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SQUIRREL LICKING UP NECTAR OF GELAM FLOWERS

on 16th May 2014

“On the morning of 14th April 2014, I was admiring the flowers of a Gelam tree (Melaleuca cajuputi, family Myrtaceae) along a coastal park in Singapore, when an adult male Plantain Squirrel (Callosciurus notatus) arrived onto the scene (above).

“It soon became apparent that there was only one thing on his mind – nectar. This thirsty squirrel visited blossom after blossom, rapidly flicking out its tongue to lap up the floral fluids with much enthusiasm (above, below).

“Video clips of the squirrel relishing every drop of the nectar may be previewed below.

“In southern Vietnam, Melaleuca cajuputi is known to be pollinated by bees (Apis sp.) and its nectar has been found to be sweetest in the morning (around 10am), when the sugar value is highest (Nguyen, 2008). This may explain why the Plantain Squirrel was so engrossed in its pursuit of nectar around that time of day. However, there does not appear to be any published records of squirrels as pollinators of Melaleuca cajuputi, despite their demonstrated potential to perform such an ecological function. In Sarawak, for example, the flowers of Madhuca sp. (family Sapotaceae) were visited by three species of squirrels and one species of flying squirrel (Yumoto et al., 2000). Apart from squirrels and bees, nectar-feeding bats have also been recognised as pollinators of Melaleuca cajuputi (Fleming et al., 2009).

“Let us not forget that birds also have a part to play! Previously, Johnny Wee has documented the feeding of Gelam nectar by the Brown-throated Sunbird (Anthreptes malacensis) LINK.

“After witnessing the squirrel feeding furiously on Gelam nectar, I was reminded of another encounter in April 2011, when I watched the same species of squirrel capturing and devouring live cicadas (above) at the same site (Leong et al., 2011). I cannot help but be impressed by how versatile and adaptable these squirrels can be in their quest for survival.”

Dr. Leong Tzi Ming
Singapore
18th April 2014

REFERENCES:
1.
Fleming, T. H., C. Geiselman & W. J. Kress, 2009. The evolution of bat pollination: a phylogenetic perspective. Annals of Botany, 104: 1017–1043.
2. Leong, T. M., Aminurashid & B. P. Y-H. Lee, 2011. Records of the cicada, Chremistica umbrosa (Distant, 1904) in Singapore, with accounts of its mass emergence (Homoptera: Cicadidae: Cicadinae). Nature in Singapore, 4: 163–175.
3. Nguyen, Q. T., 2008. Pollination ecology of Melaleuca cajuputi, Nypa fruticans and their flower visitors. Journal of Apicultural Research, 47(1): 10–16.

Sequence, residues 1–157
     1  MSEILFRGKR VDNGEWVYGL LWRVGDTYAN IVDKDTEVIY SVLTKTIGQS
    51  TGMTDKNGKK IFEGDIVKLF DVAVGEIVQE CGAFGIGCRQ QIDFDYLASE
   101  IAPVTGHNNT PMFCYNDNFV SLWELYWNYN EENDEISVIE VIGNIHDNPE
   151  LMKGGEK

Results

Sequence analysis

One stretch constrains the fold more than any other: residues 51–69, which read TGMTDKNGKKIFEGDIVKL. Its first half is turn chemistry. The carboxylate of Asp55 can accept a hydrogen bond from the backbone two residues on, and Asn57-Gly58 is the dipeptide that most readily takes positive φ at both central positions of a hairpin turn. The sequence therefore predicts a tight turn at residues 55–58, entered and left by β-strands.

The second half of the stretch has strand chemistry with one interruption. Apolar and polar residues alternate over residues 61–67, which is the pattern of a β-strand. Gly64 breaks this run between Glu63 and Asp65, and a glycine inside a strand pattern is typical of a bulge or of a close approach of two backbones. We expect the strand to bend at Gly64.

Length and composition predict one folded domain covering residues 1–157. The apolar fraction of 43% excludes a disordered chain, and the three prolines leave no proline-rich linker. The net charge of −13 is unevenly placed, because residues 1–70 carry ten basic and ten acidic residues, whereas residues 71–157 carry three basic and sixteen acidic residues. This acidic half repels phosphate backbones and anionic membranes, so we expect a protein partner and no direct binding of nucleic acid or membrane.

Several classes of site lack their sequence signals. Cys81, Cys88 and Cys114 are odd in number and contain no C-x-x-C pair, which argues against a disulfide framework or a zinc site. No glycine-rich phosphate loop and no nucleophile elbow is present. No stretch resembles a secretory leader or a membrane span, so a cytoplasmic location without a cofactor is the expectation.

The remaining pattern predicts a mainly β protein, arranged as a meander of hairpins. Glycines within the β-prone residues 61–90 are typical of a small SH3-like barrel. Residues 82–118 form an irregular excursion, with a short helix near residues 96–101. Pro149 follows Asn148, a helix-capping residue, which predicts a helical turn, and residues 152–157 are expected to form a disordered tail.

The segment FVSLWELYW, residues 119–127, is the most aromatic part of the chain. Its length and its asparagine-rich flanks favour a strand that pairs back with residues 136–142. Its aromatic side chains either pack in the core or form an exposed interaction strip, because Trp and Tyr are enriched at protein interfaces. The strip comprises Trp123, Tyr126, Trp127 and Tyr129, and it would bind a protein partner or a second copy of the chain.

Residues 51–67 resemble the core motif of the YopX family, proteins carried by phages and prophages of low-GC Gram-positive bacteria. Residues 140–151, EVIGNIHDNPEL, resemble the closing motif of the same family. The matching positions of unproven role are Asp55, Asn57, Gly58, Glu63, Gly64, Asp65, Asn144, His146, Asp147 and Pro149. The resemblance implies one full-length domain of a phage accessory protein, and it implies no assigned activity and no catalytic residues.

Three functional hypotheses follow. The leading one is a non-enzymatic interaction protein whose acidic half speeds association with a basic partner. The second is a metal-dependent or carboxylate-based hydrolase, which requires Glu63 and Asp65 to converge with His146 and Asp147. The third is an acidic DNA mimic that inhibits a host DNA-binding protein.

4. Yumoto, T., K. Momose & H. Nagamasu, 2000. A new pollination syndrome – squirrel pollination in a tropical rainforest in Lambir Hills National Park, Sarawak, Malaysia. Tropics, 9(2): 147–151.

If you like this post please tap on the Like button at the left bottom of page. Any views and opinions expressed in this article are solely those of the authors/contributors, and are not endorsed by the Lee Kong Chian Natural History Museum (LKCNHM, NUS) or its affiliated institutions. Readers are encouraged to use their discretion before making any decisions or judgements based on the information presented.

YC Wee

Dr Wee played a significant role as a green advocate in Singapore through his extensive involvement in various organizations and committees: as Secretary and Chairman for the Malayan Nature Society (Singapore Branch), and with the Nature Society (Singapore) as founding President (1978-1995). He has also served in the Nature Reserve Board (1987-1989), Nature Reserves Committee (1990-1996), National Council on the Environment/Singapore Environment Council (1992-1996), Work-Group on Nature Conservation (1992) and Inter-Varsity Council on the Environment (1995-1997). He is Patron of the Singapore Gardening Society and was appointed Honorary Museum Associate of the Lee Kong Chian Natural History Museum (LKCNHM) in 2012. In 2005, Dr Wee started the Bird Ecology Study Group. With more than 6,000 entries, the website has become a valuable resource consulted by students, birdwatchers and researchers locally and internationally. The views and opinions expressed in this article are his own, and do not represent those of LKCNHM, the National University of Singapore or its affiliated institutions.

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